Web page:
The UK Government has applied to the EU for equivalence status for seed potatoes in a bid to resolve the barrier imposed on exports by the Brexit trade deal.
Environment Secretary George Eustice told the Oxford Farming Conference the application had been made at the first available opportunity at the end of the transition period.
“The data and the evidence required to support it has been in place for months and we will obviously be encouraging the EU to expedite that application,” he said.
“In the past, under similar provisions, Canada, for example, has been able to sell seed potatoes to the EU, so we are working to get a solution to this.”
Mr Eustice also reiterated the government’s position that there would be no tit-for-tat ban on imports of seed produced in the EU for at least six months to avoid denying British farmers access to varieties required to fulfil contracts.
In their addresses to the conference, the UK’s four farming ministers outlined different priorities and philosophies for their nations and while they indicated they could still work together, Defra’s launch of a consultation on adopting gene editing technology has ruffled feathers in Holyrood.
Rural Affairs Minister Ben Macpherson made it clear Scotland’s policy on the cultivation of GM crops had not changed.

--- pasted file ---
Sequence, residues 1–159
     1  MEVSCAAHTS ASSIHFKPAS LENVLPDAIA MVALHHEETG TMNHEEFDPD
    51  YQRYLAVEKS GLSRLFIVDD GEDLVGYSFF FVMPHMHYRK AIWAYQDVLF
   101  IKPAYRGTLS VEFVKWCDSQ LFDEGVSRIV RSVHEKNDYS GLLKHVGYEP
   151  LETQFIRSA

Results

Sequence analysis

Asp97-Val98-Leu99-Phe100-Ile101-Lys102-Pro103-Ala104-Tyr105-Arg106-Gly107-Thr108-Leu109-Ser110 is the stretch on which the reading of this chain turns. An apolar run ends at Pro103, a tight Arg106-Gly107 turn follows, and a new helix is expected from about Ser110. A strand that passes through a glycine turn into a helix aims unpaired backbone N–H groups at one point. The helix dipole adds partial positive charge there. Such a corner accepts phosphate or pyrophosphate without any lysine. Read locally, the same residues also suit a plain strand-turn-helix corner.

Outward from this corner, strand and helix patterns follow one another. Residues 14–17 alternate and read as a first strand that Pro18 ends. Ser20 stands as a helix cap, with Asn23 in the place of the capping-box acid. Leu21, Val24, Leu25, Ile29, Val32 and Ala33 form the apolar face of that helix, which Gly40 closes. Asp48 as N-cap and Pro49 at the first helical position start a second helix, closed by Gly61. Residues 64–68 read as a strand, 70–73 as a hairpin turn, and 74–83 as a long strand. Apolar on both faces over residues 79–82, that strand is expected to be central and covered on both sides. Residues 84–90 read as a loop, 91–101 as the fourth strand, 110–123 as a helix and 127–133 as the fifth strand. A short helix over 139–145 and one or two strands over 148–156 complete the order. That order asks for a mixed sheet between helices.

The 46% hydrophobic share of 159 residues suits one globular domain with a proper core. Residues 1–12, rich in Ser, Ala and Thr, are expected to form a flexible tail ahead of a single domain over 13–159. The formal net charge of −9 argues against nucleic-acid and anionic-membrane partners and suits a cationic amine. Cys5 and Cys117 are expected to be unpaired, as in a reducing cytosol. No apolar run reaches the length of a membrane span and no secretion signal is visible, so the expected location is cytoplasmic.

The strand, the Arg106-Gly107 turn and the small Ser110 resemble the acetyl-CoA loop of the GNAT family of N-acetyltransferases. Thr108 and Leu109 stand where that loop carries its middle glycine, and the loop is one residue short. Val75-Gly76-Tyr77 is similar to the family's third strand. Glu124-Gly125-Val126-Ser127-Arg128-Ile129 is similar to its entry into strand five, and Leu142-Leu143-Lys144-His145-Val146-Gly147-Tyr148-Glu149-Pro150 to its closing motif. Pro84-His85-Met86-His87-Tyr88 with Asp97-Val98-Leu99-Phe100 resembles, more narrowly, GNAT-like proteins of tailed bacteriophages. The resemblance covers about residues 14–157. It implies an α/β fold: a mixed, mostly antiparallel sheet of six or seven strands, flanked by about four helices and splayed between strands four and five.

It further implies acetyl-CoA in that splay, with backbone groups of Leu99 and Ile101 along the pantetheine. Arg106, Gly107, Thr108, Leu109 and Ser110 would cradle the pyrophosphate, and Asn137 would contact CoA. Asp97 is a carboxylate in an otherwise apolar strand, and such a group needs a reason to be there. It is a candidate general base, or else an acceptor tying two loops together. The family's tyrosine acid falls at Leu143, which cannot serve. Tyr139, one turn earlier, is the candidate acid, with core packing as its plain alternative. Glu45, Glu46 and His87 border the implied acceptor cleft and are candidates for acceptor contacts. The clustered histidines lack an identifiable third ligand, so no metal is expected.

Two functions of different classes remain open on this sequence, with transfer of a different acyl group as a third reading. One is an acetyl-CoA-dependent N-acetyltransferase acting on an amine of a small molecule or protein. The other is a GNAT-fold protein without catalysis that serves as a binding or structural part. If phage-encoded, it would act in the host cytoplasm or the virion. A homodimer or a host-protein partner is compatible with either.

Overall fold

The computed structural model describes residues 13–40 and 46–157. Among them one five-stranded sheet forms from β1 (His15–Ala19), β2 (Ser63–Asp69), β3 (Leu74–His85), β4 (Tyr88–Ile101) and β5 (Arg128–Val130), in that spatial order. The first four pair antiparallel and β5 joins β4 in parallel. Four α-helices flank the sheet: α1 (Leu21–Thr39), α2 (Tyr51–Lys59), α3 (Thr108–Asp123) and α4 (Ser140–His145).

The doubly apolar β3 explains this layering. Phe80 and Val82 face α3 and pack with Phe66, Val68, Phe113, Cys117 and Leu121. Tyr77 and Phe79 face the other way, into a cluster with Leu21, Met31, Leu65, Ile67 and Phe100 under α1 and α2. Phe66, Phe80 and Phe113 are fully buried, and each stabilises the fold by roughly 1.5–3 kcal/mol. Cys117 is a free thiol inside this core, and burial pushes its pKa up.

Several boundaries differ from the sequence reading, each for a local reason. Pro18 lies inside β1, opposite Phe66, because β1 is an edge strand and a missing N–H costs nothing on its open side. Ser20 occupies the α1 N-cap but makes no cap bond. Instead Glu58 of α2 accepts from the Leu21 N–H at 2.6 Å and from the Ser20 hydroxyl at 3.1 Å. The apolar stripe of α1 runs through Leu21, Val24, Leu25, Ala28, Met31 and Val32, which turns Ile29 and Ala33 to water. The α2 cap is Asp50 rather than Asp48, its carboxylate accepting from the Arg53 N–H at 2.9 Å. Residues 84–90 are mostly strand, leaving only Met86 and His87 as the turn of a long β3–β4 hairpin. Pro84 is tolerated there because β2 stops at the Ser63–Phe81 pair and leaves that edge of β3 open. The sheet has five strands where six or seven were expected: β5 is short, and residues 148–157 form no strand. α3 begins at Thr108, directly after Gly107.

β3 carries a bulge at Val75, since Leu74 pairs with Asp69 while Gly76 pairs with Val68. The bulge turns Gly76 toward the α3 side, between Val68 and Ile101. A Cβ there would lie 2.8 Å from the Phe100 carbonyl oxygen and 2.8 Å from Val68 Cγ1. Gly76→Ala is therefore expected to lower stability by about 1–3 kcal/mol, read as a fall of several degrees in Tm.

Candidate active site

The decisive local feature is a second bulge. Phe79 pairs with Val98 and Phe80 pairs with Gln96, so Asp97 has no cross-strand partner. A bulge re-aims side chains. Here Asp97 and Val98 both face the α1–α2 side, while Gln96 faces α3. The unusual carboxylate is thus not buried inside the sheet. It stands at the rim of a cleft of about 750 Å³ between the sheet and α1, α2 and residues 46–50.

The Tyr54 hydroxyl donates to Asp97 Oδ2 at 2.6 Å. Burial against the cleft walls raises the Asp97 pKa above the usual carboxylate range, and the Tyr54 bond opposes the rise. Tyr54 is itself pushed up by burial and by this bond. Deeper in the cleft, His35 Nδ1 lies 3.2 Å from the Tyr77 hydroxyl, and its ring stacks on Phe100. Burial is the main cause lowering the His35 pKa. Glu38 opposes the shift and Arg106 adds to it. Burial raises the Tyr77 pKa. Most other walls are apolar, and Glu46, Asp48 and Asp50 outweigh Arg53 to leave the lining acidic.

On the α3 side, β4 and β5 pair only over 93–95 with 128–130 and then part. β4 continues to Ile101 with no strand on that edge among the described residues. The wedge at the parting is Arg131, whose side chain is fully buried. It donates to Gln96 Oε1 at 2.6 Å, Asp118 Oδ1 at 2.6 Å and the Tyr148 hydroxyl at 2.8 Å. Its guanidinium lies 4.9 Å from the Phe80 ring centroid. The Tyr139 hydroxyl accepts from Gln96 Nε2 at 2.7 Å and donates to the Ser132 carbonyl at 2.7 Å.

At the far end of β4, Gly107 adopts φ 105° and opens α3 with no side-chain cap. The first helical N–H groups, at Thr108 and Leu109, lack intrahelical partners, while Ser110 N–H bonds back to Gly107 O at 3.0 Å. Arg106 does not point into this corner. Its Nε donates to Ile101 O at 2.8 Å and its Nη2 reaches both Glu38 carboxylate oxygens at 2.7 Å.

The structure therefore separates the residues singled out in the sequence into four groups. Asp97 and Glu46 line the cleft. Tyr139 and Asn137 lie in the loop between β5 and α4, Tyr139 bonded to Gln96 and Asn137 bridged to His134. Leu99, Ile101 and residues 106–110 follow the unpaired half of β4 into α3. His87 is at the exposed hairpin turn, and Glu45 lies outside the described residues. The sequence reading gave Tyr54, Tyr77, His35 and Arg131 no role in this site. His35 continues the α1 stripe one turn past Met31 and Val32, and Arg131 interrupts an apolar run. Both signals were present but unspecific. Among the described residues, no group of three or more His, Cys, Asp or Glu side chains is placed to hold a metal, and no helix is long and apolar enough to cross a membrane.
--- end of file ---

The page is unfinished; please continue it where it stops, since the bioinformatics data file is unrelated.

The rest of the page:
“We will be maintaining Scotland’s GM-free crop status, in line with our commitment to stay aligned to EU regulations and standards, and have made our views known to UK ministers,” he said.
“The UK Government’s decision to consult on making changes to the definition, which would differ to Scotland’s approach, is an example of why we believe the UK Internal Market Act removes our competency to make decisions on the marketing of products in a devolved area.
“While any definition change outlined in their consultation would not in legal terms extend to Scotland, the UK Internal Market Act would force Scotland to accept the marketing, sale and free circulation of products in Scotland which do not meet the standards set out in the Scottish regulations.”
Meanwhile, James Bailey, executive director at Waitrose, said: “If our customers don’t buy it (GM products), there’s no point in us getting in the market of procuring it.”